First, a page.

Named a Golf Digest "Best Places to Play"

 

Named a Golf Digest "Best Places to Play"

You can tweak your back at any time, no matter how young you are. And for those of us who have a few years of fairways under our spikes, the chances of experiencing lower back pain while golfing increases with age.

Because of that, pros like Lee Trevino, Rocko Mediate, and Freddy Couples have all needed back surgery, while Tiger Woods experienced back pain for years before undergoing four surgeries and miraculously coming back to win the Masters last year at 43.

Driving a golf ball, even with a classic swing, puts a tremendous amount of pressure on the lower back. The twist and torque you apply give the ball distance as you transfer your arm motion to your legs. Our backs may be able to handle the stress during an optimal performance, but a few golf tips can help make sure.

1. Warming Up and Practice

First, before you play, do some stretches to limber yourself up. If you want, place a club across your shoulders and slowly twist right to left, increasing your pivot as you go. Then stand facing forward again and bend gently, left side, right side. After a minute or two, put the club to use with some short, easy swings. Stretching your hamstrings will help your legs before you start doing any putting.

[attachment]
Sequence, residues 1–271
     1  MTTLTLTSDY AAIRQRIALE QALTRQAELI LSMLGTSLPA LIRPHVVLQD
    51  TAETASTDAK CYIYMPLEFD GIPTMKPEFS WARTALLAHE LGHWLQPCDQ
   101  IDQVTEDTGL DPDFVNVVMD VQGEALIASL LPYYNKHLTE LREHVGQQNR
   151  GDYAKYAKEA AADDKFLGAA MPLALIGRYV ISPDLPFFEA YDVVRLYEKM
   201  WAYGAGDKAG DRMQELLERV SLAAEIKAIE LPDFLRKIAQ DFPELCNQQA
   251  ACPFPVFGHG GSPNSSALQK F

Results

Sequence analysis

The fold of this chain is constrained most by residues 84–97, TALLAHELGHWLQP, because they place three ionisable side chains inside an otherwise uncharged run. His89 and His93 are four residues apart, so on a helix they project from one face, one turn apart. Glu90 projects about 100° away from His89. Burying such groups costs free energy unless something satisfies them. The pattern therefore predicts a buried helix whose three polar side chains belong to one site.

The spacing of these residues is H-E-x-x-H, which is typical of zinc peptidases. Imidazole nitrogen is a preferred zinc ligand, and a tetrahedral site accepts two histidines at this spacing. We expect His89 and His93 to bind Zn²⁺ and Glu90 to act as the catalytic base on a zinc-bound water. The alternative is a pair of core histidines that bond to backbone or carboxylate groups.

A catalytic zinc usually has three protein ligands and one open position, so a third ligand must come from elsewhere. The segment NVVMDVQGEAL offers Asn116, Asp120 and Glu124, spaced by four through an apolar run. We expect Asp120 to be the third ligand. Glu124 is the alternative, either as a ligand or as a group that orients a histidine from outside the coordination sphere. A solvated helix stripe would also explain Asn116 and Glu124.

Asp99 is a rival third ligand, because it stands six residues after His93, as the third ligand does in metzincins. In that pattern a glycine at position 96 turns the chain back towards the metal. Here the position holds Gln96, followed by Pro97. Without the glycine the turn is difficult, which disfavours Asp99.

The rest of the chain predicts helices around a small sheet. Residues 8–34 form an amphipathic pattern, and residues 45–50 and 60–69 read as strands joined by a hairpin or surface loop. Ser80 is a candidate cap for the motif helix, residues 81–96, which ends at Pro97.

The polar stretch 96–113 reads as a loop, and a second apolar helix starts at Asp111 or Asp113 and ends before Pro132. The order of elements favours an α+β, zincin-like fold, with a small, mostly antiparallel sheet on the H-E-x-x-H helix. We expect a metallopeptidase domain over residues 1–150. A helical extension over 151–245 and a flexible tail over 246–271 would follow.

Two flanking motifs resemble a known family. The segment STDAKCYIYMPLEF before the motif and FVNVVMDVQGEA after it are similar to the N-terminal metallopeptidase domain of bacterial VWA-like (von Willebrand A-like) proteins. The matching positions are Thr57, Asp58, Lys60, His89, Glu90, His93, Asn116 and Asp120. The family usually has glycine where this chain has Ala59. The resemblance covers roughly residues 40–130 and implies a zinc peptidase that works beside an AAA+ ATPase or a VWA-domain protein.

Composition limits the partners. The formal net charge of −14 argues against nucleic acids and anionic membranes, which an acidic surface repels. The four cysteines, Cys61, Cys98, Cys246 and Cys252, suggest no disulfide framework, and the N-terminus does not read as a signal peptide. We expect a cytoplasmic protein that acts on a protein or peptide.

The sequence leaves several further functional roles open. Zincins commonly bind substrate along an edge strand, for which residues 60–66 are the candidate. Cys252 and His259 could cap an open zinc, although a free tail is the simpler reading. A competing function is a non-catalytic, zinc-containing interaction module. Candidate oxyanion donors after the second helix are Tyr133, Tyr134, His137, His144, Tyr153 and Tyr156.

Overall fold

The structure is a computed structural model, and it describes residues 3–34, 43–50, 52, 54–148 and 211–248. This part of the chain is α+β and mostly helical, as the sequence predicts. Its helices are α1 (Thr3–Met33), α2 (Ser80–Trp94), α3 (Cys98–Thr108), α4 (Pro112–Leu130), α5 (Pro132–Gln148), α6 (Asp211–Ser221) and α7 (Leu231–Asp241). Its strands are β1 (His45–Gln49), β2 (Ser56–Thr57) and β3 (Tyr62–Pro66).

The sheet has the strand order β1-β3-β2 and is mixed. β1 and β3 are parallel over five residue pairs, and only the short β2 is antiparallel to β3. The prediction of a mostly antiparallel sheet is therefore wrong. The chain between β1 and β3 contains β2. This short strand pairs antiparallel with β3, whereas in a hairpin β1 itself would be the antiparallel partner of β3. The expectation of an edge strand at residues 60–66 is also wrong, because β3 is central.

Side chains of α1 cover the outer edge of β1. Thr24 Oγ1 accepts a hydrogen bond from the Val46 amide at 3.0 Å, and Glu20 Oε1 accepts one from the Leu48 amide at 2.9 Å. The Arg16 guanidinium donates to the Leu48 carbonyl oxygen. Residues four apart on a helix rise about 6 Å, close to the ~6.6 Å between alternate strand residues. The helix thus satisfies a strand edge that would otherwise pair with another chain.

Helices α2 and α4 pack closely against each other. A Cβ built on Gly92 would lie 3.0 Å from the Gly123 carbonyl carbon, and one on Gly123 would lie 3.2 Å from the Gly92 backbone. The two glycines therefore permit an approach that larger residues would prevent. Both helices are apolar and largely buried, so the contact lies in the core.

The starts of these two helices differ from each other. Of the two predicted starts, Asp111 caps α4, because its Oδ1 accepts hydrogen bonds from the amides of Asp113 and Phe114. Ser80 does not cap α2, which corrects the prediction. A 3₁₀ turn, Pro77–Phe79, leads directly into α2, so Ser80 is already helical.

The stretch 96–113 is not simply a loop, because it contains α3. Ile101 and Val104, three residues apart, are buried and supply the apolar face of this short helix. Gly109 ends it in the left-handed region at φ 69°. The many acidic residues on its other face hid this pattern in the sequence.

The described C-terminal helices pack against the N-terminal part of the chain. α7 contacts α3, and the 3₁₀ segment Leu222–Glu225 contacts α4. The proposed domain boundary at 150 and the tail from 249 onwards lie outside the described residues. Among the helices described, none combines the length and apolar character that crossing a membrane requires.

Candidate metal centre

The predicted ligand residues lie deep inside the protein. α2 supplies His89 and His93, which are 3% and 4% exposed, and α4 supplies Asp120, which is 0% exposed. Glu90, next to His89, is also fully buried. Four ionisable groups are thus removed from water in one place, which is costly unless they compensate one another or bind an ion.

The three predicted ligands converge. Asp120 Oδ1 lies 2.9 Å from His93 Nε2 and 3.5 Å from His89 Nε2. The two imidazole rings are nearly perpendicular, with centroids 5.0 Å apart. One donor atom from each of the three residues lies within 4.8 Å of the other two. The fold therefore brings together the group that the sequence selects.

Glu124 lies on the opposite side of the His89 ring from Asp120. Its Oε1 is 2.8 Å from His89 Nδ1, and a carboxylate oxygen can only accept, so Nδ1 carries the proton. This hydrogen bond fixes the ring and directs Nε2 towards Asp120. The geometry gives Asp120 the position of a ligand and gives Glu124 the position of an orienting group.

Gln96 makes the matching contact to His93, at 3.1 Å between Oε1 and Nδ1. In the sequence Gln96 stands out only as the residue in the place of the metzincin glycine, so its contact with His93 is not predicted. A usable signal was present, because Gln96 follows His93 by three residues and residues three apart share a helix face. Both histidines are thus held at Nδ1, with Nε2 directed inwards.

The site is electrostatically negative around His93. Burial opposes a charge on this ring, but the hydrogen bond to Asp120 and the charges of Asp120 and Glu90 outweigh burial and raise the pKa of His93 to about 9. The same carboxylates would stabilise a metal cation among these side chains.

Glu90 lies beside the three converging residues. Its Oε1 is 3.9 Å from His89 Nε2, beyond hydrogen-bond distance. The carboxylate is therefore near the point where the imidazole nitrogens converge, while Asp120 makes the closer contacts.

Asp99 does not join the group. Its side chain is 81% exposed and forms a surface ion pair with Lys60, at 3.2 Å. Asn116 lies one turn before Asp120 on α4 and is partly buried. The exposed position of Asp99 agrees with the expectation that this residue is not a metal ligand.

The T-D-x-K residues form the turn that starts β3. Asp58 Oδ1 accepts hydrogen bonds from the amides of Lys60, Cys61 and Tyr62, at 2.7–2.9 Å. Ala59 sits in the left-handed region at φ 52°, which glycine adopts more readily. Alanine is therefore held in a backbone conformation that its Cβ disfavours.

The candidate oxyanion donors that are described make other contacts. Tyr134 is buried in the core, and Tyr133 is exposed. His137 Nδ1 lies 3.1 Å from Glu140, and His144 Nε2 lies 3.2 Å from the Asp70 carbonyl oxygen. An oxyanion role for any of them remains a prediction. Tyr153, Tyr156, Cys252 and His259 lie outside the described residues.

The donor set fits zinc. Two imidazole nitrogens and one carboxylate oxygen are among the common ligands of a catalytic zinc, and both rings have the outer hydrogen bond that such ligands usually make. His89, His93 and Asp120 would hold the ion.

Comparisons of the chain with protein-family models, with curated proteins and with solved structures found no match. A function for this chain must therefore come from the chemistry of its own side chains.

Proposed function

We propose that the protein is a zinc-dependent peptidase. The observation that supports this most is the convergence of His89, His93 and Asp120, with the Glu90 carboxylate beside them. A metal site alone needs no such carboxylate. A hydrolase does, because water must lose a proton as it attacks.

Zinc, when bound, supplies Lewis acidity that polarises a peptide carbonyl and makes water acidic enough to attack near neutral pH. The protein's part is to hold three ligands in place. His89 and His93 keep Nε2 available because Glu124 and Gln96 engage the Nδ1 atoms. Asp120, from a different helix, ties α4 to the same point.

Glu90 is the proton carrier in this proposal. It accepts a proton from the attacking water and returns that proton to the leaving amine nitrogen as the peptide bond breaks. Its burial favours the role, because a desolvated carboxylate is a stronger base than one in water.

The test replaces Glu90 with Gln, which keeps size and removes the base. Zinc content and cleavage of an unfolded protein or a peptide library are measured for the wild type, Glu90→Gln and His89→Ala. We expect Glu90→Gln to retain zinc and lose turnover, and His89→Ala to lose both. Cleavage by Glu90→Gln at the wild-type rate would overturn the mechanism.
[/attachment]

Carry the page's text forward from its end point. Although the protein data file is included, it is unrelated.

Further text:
You’ll find River’s Edge the best golf course in Central Oregon, and one of the reasons is the ample practice facilities. So, your second tip is to give yourself time to practice before you tee up on the first hole.

As for the greens, I won’t tell you to get a long putter – although Bernhard Langer was an early user and is currently (again) leading the PGA Champions Tour in earnings at 63 years of age – but your putting stance and the pressure it puts on your lower back is substantial.

While you set up, you will be bending over the ball and getting in the perfect state of mind. That’s easier if you are fit and have a strong core, but another great tip is to make sure you’ve got a little bend and flex in your knees. Still, the further you bend, the more stress there is on your lower back. Fortunately, a golf pro can help you with your stance and choosing the right length putter for your body type.

2. Don’t Kill the Ball or Yourself

Golf’s a mental game, too, so play within your abilities and your physical condition. Instead of trying to kill the ball, take a moderate swing, which will alleviate stress on your back while also improving your accuracy. You’ll find you can give up a few yards on your drives because you’ll stay in the fairway and out of the traps!

Over the years you’ll want to make some adjustments to your movements and your game, and regardless of your age, if you do have some lingering issues, see a doctor so you can keep playing well into the future!